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Force of friction on a curved road

  1. Mar 31, 2014 #1
    1. The problem statement, all variables and given/known data

    The mass m car is travelling at v on the straight portion of the road and then its speed is uniformly reduced from A to C, which point it comes to rest. Compute the magnitude and direction of the total friction force F exerted by the road on the car (a) just before it passes point B, (b)
    just after it passes point B and (c) just before it stops at point C. (d) What is the minimum
    coefficient of static friction required between the tires and the road for the car to be able to complete the turn at B?

    2. The attempt at a solution

    Part a - the force of friction as it approaches B
    I thought about doing this in two steps:
    If we assume that the force of friction is [itex] F_{f} [/itex] then the linear acceleration in the straight part is [itex] a = \frac{F_{f}}{m} [/itex]

    so we can use a kinematic formula to determine the velocity at point B

    [tex] v_{B}^2 = v^2 + 2a d [/tex]
    then
    [tex] v_{B}^2 = v^2 - \frac{2 F_{f}}{m} [/tex]

    now for the curved section, assuming the road has radius R, the force stays constant, then we can say that the linear acceleration is the same as above. then the angular acceleration is [itex] \alpha = \frac{-F_{f}}{mr} [/itex]

    then we can use the rotational version of the above kinematic formula. the velocity at c is zero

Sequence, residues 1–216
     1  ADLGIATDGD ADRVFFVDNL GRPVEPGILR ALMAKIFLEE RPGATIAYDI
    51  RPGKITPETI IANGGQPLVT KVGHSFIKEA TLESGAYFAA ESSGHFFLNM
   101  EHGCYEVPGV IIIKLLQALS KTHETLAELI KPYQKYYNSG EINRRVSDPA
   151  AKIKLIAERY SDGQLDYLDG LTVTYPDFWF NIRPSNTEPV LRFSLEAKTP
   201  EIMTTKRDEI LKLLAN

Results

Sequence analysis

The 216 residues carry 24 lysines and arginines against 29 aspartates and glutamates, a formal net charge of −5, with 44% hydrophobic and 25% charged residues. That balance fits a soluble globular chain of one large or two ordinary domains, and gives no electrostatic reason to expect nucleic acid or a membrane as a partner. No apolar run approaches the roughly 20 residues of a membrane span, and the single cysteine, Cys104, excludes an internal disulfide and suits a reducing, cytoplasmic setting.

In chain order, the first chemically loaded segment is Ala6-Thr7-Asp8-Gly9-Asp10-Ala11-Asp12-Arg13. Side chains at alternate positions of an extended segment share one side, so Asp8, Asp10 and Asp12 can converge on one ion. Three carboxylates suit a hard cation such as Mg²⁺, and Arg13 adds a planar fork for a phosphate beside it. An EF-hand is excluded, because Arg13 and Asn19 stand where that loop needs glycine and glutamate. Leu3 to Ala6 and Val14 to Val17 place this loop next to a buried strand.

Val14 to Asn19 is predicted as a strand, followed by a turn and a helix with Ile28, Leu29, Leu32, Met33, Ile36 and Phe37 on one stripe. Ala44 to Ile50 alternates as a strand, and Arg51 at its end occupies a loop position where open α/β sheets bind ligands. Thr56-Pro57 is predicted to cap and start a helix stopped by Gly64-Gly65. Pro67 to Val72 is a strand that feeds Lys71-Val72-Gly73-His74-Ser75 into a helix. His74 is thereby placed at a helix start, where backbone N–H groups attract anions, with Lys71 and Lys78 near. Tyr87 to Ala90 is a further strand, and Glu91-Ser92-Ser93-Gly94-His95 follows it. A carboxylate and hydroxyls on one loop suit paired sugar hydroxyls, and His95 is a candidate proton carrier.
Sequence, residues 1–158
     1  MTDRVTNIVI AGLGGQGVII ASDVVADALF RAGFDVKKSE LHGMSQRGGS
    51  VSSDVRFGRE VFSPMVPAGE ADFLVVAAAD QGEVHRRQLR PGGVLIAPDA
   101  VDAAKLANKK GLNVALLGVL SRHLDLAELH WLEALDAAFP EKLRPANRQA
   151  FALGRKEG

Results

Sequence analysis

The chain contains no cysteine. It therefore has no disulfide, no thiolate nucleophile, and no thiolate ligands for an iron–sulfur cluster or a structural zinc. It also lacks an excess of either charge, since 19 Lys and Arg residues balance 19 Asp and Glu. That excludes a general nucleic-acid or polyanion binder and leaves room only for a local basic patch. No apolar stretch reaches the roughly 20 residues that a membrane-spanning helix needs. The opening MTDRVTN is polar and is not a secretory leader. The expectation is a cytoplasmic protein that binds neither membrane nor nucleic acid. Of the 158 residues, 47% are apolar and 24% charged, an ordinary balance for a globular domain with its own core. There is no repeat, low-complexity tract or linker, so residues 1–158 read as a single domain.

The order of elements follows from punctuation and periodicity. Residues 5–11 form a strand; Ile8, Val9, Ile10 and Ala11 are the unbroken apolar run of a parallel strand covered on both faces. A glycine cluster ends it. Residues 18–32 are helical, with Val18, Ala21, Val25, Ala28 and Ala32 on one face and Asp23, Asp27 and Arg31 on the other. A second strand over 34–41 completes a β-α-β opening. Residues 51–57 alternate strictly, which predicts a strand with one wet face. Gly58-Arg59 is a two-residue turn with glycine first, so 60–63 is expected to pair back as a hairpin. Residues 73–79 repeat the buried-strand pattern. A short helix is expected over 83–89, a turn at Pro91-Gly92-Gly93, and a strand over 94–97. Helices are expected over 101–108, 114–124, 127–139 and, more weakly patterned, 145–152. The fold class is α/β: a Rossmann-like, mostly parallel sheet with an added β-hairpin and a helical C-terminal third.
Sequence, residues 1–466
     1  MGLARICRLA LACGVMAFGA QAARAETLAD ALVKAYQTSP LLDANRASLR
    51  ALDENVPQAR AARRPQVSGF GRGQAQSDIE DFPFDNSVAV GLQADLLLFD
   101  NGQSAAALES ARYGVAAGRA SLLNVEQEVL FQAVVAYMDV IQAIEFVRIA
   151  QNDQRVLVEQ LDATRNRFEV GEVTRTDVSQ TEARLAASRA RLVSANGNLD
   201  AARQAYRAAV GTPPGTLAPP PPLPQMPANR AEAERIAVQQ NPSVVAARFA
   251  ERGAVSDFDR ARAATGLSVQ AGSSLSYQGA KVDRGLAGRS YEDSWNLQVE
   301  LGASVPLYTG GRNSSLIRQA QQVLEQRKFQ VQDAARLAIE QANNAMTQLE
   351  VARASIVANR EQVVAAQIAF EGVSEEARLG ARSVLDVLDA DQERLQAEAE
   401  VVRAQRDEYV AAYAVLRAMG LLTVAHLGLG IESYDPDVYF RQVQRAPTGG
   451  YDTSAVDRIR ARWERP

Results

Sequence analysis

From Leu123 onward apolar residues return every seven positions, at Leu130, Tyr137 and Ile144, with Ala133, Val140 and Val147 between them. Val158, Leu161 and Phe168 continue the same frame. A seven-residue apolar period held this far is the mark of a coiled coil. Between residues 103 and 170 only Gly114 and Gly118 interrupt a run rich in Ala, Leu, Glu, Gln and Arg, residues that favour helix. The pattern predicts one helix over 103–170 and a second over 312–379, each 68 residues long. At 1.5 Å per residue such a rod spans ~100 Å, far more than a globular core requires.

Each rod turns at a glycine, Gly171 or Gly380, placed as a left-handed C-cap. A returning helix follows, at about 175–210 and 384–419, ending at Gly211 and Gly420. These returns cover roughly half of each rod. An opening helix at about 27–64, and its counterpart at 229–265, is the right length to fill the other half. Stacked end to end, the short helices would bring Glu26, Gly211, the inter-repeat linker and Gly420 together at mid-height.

[tex] 0 = \omega_{B}^2 + 2 \left( \frac{-F_{f}}{mr} \right) \left( \frac{\pi}{6} \right) [/tex]

    we can solve for Vb from the above equation
    [tex] v_{B} = \frac{\pi F_{f}}{3mr^3} [/tex]

    and then we can substitute the equation just derived into the other expression for vb found above. But is this correct?
    What about the curved section? IN the curved section, does the sum of the components of friction (caused by the tangential and normal components) the same as the friction we just calculated? In that case, isn't the answer for b and c the same?

    Thanks for your help and input!
     

    Attached Files:

  2. jcsd
  3. Mar 31, 2014 #2

    jack action

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    Gold Member

    1. Find the distance AC (as if it was a straight path);
    2. With your first equation of motion, find the acceleration between AC;
    3. You can then find the (constant) braking force, i.e. the longitudinal component of the friction force;
    4. With your first equation of motion, find the velocity at B;
    5. With the velocity at B, you can find the lateral acceleration at that point;
    6. With F=ma, you can then find the lateral friction force;
    7. Add the lateral and longitudinal components at each point (VC ≠ VB) to find the total force. HINT: Forces are vectors.
     
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